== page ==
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Completed drought plan have put Water Managers on pause over Colorado River Negotiations
The annual conference of the Colorado River Water Users Association held on December 11 – 13 saw the completion of Upper and Lower basin states Drought Contingency Plans(DCP).
A very different message was delivered to nearly every native American tribe, environmental groups, municipal water agencies, and irrigation districts, by the U.S. Bureau of Reclamation Commissioner Brenda Burman, than had been delivered at last year’s conference. Burman praised the group on a task well done in getting the DCP’s completed and signed but followed with that they are not the final solution. The implementation of those plans now needs to start.
The Lower Basin states, Arizona, Nevada, and Mexico, must take less water from Lake Mead, the river’s largest reservoir in 2020. No small task since these states are already conserving above the plan requirements. The Upper Basin states — Colorado, Utah, Wyoming, and New Mexico DCP’s focus more on aerial cloud seeding and reservoir operations. Becky Mitchell, director of the Colorado Water Conservation Board, also addressed the group at the conference, stating that for the DCP’s to be successful there must be a public buy-in and that there is a strong need to get consumer feedback on how best to incentivize users during crises. Questions as to how exactly all of this would work are still on the table. As one of the water manager puts it, this plan has a six years shelf life that gives the basins a chance to avoid disaster.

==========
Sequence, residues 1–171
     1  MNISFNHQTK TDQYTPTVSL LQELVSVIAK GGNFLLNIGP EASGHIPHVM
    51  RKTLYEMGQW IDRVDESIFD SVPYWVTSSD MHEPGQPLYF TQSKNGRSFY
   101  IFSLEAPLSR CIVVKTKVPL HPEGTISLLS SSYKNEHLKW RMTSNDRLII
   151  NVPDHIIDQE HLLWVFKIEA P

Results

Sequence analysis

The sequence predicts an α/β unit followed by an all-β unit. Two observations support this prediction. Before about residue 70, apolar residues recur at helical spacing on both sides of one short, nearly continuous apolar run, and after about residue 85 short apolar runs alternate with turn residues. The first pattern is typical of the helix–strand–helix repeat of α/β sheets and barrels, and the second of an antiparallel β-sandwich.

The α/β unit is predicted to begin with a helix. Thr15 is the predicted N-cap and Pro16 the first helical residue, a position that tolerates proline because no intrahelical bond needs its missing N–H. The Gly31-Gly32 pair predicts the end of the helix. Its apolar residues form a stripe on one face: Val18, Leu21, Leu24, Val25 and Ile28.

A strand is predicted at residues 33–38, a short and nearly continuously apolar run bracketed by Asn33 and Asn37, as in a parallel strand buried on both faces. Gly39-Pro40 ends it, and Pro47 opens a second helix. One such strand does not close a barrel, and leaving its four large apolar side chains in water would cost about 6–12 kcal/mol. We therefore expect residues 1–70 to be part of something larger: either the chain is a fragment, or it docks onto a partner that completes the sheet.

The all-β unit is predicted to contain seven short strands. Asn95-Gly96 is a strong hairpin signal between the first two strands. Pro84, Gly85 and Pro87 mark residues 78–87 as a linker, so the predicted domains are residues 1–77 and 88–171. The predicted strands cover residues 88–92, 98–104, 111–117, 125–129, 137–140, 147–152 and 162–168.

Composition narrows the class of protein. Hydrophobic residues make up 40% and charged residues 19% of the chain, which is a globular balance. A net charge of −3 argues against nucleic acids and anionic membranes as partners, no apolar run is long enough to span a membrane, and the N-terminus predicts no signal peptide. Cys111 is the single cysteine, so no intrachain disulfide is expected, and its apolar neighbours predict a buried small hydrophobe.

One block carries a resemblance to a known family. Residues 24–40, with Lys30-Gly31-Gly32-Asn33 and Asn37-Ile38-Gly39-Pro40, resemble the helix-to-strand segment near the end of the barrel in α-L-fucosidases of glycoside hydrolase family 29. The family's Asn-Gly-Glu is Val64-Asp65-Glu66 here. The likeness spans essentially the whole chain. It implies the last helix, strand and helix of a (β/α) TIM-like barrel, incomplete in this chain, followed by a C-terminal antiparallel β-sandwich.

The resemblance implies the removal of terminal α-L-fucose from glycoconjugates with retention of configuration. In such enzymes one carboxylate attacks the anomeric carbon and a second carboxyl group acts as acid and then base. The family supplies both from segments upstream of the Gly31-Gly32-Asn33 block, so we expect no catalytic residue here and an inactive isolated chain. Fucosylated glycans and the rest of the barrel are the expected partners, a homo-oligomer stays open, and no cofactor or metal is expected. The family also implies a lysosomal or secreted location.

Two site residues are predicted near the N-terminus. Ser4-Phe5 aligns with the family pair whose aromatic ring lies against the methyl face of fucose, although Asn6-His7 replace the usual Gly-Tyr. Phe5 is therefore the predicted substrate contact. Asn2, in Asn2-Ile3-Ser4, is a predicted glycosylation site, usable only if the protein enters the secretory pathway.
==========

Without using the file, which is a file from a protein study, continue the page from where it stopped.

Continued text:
The next task before the conference group was to hammer out the details of the upcoming renegotiation of the river’s operating guidelines, which is set to start by the end of 2020. Within the basin, there is a lot of disagreement as to what the focus should be for renegotiation. One group thinks just a small overview that would take steps at managing the river operation imbalances or the other half of the group wants to approach this as more of a broad base approach about the realities of climate change and the basin drying out. Jennifer Pitt, the National Audubon Society’s Colorado River program director, said the real trick is that we are planning for the weather, and we are not sure what to expect. Pit said, going into a new round of talks, it’s in the basin’s best interest to have different perspectives at the table so that all sides are represented.
Among the list of things to be figured out by this conference group are who will be responsible for delivering Mexico’s allocation of the river’s water, Upper Basin states want to see the risks of climate change more evenly spread across the basin, California wants a resolution to the Salton Sea crisis, where the island is sinking and causing health concerns for man and wildlife from the toxic beaches, and a water cap for the Upper basin and the Colorado River’s long-standing imbalances.
Bergman, in response to such a request, said simply the time is not now to address river treaty imbalances stating that better use of resources is to uncover what was in the 2007 study and then adapt accordingly.